Firefighters risk their lives running into burning buildings, but the menace doesn’t come just from the fire. They may face an increased risk for developing melanoma, the most dangerous of the three most common types of skin cancer.
News & Research
Recent research suggests that there may be a link between three common medical conditions and skin cancer. We delved into the research and spoke to the experts about whether you should be concerned — or not.
Are you among the millions of people who take hydrochlorothiazide to treat high blood pressure? A recent study by researchers at the University of Southern Denmark showed a connection between this medication and squamous cell carcinoma (SCC), the second most common type of skin cancer.
Recent studies have suggested some surprising things (not beaming from the center of our solar system) that might increase your risk for skin cancer. We delved into the research to help you assess whether you should be concerned — or not.
Each year, we award several grants to dermatology residents, fellows and young faculty to fund research and clinical studies related to skin cancer. This year, the Todd Nagel Memorial Award was given to Dr. William Damsky, researcher at Yale University, for his study “Elucidating and Overcoming Mechanisms of Immunotherapy Resistance in Melanoma.”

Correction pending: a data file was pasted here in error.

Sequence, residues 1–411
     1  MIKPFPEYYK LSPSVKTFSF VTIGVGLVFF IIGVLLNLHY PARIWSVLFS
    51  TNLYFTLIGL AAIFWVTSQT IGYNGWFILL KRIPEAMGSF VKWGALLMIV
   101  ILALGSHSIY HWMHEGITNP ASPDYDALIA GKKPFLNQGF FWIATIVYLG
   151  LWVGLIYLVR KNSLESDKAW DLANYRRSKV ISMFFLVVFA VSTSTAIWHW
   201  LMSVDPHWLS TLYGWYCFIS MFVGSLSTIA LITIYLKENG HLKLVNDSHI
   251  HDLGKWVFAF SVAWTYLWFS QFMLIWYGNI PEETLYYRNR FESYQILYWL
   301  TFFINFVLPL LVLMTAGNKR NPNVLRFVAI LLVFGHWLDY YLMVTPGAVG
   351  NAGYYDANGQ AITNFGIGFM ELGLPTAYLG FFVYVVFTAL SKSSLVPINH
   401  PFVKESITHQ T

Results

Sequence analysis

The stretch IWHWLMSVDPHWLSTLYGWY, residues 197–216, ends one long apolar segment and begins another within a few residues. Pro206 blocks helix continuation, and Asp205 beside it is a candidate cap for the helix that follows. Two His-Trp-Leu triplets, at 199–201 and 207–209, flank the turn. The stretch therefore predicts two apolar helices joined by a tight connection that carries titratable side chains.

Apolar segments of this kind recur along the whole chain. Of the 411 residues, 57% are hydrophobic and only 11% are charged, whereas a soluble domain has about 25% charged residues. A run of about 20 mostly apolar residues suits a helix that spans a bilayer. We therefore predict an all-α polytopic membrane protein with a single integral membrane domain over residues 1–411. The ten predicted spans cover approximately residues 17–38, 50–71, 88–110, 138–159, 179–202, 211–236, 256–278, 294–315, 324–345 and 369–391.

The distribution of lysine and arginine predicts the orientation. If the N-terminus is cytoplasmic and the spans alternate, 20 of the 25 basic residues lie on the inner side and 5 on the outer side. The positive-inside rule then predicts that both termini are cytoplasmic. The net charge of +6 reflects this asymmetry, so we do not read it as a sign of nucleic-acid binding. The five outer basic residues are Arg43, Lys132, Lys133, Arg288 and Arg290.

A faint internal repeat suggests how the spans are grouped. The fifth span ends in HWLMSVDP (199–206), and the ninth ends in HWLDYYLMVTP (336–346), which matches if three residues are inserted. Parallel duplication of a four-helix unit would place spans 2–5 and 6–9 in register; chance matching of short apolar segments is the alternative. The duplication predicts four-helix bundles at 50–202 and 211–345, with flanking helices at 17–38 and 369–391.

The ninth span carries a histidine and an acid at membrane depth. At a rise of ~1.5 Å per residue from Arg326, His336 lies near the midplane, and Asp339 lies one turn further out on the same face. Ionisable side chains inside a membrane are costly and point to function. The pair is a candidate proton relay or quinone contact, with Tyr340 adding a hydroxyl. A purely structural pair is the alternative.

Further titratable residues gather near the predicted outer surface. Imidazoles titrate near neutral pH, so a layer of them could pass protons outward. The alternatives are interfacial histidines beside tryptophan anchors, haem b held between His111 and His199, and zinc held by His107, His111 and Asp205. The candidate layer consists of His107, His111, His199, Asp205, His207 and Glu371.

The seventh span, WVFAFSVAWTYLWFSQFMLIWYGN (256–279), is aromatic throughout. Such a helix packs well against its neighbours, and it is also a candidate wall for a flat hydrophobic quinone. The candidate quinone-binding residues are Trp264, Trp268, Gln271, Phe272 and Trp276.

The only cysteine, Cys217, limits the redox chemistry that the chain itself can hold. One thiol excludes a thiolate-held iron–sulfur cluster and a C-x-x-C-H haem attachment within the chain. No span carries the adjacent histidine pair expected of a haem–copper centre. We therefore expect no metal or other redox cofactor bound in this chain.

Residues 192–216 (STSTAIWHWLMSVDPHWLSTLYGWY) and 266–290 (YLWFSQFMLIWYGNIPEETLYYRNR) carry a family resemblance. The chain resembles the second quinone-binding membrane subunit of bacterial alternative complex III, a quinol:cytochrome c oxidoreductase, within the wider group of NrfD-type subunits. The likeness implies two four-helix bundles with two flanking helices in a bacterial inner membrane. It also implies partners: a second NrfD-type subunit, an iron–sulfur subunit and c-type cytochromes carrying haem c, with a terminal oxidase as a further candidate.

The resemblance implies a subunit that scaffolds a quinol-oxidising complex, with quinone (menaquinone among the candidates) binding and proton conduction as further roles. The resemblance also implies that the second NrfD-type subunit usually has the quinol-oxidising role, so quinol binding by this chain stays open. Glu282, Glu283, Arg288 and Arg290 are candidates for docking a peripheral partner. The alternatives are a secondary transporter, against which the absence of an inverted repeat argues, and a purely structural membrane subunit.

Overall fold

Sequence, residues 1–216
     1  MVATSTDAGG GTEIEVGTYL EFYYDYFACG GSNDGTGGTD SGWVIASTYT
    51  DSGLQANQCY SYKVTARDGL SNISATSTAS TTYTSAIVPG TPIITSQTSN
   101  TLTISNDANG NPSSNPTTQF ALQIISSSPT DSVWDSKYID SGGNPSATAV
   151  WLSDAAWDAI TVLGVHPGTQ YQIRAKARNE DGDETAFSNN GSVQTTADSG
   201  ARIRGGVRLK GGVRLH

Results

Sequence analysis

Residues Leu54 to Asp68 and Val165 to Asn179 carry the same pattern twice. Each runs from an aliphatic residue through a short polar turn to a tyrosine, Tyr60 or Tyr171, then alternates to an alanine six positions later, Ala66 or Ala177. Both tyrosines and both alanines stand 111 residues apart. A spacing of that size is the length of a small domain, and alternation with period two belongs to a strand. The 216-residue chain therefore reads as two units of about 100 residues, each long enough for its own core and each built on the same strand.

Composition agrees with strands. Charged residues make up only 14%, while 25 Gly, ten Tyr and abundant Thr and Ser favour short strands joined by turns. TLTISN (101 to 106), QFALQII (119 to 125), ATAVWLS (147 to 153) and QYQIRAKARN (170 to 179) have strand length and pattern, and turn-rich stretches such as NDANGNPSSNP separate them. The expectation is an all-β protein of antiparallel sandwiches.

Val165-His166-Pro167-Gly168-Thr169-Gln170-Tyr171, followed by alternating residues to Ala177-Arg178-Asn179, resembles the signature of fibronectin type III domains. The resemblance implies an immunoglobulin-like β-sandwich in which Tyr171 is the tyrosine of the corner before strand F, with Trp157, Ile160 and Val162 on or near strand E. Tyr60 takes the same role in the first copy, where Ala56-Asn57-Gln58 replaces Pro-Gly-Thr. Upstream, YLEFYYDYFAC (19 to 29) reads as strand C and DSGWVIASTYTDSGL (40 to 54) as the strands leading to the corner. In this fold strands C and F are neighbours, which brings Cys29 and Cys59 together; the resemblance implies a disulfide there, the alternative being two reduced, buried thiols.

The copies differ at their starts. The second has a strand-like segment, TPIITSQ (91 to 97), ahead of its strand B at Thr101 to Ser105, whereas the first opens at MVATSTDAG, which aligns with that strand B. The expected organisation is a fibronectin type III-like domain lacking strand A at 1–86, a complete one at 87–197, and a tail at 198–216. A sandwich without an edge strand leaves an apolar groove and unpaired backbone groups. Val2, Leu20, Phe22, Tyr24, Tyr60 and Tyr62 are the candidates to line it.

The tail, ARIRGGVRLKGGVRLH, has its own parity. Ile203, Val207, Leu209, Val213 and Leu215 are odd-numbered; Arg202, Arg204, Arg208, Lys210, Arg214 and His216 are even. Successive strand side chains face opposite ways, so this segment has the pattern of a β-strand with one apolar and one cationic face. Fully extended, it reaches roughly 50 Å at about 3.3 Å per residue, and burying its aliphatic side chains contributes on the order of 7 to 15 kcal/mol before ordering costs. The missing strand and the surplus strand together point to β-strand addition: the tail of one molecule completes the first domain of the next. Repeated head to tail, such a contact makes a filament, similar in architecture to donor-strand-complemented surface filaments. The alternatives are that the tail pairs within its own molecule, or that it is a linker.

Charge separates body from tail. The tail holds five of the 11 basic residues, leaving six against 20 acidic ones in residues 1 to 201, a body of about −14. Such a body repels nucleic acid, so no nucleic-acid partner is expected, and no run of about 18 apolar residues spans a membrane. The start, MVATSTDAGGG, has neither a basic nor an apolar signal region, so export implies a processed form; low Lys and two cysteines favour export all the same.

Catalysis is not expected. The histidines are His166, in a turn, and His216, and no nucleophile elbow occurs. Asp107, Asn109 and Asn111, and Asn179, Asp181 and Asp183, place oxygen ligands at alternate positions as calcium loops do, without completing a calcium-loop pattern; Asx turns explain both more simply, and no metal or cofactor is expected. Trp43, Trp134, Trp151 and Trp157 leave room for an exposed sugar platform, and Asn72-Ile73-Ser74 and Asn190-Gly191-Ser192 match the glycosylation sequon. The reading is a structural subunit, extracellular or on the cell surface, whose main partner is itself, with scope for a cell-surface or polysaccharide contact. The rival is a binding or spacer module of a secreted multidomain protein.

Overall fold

With the recent FDA approval of the drug nivolumab (Opdivo®, previously approved for stage IV melanoma) as a treatment for stage III melanoma, we have reached the next important phase in the immunotherapy revolution. It is a revolution that most of the world’s top experts believe will one day, very possibly within a decade, turn advanced (stages III and IV) melanoma into a chronic, or even curable, disease rather than a deadly one.
We know some of our loyal readers are medical professionals, skin cancer patients and caregivers. Many of you are as invested in skin cancer-related news and research as we are! Here’s a look back at a few 2017 headlines that got our attention.